Sunday, 29 May 2011

I am a workaholic - Part II

Sunday evening and I have that sinking feeling, that profound dread of what the week will bring. It is all because tomorrow is THE day of the seminar that we have been planning for weeks at work and I have done all I can to prepare my talk, even running through it in my head in the confines of my bedroom. And all I can think is what possessed me to agree to it at all?  What seemed to be a cosy seminar for students has now become a full-blown forum for academics, social researchers, prominent local figures from the ethical fashion industry and other people who 'know their stuff'. And me (who hopefully knows her stuff). In other words, I did not know what I was letting myself in for and the concept snowballed before my very eyes until it was too late to change my mind.

How bad can twenty minutes be? It is a challenge, I tell myself. But then the other half of me wonders if challenges are really necessary in life. Why do I want to take myself out of my comfort zone? Too late to consider all this now...

Next day I awake with the same feeling of dread after the inevitable dreams where everything goes wrong. The pain in the pit of my stomach only worsens as the morning goes on. At around 10am I make my way to El Centro Metropolitano de Diseño by bus, arriving in one of the most run-down parts of Buenos Aires that I have seen yet. Clutching my netbook tightly under my arm I hurriedly walk the few blocks to the centre where inside awaits the most beautiful space of sleek wood, modern-industrial wrought iron, exposed brickwork. The place is alive with activity, classes taking place, groups of people meeting over coffee, it feels creative and full of potential.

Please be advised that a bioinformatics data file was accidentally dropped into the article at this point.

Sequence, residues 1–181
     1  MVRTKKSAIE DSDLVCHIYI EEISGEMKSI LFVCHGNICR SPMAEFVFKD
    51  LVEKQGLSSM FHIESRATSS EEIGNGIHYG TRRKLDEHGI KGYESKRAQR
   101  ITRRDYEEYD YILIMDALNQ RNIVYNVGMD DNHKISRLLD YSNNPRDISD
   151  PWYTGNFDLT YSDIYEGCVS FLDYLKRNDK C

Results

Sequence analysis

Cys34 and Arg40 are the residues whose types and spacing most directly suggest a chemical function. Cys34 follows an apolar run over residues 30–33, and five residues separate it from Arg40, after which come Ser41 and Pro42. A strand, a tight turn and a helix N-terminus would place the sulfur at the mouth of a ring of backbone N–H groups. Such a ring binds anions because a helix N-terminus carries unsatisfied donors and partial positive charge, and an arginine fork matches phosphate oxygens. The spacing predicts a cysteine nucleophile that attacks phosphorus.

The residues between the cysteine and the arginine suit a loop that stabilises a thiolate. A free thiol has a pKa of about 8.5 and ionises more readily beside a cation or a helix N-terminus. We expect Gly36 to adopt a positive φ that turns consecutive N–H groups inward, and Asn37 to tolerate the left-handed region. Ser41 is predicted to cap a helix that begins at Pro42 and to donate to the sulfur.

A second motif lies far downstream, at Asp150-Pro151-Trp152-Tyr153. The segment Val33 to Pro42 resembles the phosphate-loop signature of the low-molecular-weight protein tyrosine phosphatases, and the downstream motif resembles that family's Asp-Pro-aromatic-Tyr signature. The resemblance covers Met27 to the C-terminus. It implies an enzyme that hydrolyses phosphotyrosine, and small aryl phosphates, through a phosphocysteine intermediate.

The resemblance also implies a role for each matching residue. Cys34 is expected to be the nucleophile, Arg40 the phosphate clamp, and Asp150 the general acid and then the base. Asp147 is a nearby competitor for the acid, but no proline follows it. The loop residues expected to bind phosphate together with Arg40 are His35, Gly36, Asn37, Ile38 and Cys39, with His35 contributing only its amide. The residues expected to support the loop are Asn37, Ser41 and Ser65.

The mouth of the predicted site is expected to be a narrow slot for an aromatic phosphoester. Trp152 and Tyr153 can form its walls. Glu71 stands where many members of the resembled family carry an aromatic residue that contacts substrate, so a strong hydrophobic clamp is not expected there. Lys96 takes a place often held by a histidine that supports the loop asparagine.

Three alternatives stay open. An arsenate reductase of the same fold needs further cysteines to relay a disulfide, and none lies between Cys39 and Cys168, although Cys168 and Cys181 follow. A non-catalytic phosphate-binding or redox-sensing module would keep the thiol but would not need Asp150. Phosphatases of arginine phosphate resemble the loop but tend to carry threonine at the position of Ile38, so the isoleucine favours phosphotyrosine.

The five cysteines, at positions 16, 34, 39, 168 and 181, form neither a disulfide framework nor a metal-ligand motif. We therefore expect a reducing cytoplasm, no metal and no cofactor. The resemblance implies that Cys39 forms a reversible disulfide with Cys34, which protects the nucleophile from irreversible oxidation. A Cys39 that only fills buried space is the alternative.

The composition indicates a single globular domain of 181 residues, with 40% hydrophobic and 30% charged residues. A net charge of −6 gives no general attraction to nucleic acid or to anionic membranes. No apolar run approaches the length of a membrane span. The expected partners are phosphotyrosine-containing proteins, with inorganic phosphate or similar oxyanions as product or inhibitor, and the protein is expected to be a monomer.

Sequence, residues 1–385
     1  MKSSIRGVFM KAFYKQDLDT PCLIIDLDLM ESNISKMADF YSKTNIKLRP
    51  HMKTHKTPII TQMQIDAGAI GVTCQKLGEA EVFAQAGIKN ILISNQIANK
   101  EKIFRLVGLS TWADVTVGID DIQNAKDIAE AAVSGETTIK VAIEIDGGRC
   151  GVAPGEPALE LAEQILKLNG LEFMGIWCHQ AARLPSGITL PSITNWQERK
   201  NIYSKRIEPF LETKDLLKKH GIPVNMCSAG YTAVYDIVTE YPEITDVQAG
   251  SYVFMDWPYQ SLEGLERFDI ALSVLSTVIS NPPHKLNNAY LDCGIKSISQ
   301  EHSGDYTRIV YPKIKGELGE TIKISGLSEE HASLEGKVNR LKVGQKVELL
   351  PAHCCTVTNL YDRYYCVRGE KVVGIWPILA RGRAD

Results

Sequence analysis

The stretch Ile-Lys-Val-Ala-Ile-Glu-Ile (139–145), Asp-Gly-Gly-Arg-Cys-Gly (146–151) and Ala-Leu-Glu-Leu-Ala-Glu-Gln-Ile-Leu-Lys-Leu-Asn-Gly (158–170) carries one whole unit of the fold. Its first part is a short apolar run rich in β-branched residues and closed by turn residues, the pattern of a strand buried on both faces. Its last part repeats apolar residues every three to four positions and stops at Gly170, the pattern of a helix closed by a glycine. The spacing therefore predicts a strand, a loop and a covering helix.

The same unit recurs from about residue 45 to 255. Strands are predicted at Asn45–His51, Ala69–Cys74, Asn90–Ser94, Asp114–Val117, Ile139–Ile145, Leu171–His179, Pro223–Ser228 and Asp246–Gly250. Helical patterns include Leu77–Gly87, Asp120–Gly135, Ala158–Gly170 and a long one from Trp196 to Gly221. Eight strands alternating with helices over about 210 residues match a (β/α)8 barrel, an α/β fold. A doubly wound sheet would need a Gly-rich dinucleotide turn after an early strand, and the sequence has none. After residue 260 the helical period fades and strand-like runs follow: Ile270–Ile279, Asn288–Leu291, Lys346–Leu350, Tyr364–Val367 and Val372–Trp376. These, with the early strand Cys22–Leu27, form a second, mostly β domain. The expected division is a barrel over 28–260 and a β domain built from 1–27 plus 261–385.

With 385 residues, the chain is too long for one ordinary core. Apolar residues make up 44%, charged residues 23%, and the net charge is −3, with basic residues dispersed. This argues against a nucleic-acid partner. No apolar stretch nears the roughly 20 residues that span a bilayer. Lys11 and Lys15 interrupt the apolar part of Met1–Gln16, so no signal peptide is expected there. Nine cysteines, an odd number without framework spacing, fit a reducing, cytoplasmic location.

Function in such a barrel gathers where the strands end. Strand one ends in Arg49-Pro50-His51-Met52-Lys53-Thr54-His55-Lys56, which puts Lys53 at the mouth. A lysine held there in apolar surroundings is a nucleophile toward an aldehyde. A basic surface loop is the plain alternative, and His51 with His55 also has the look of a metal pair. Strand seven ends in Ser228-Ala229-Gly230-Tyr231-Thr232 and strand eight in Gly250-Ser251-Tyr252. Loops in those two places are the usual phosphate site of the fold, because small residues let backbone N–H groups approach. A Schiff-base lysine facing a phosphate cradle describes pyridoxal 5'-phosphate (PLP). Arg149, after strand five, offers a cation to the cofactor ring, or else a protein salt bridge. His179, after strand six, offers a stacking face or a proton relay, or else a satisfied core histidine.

Typically I am the first to arrive of my company. No one knows if there are going to be 5 people in the audience, 20 or 60. There is no running order, no timetable, nothing. I should be used to this by now but still it irks me. The seminar starts almost one hour late with around 60 listeners in the audience, various speakers present their ideas and I still have no idea when it will be my turn. The second half of the seminar goes a little downhill; speakers have to rush through their carefully coordinated Powerpoint presentations, attempts at talks made via Skype fall apart as the sound quality deteriorates. Finally, as the penultimate speaker, I am called up to sit under the glaring lights and talk through my experiences of working in fair trade fashion. The look of horror on my bosses face when I start the talk in English instead of Spanish is palpable; it seems there was some miscommunication on this point but now is not the time to worry about it and so I plough on. Like many others, my talk is cut short as we are running well over time, it certainly is not my finest moment.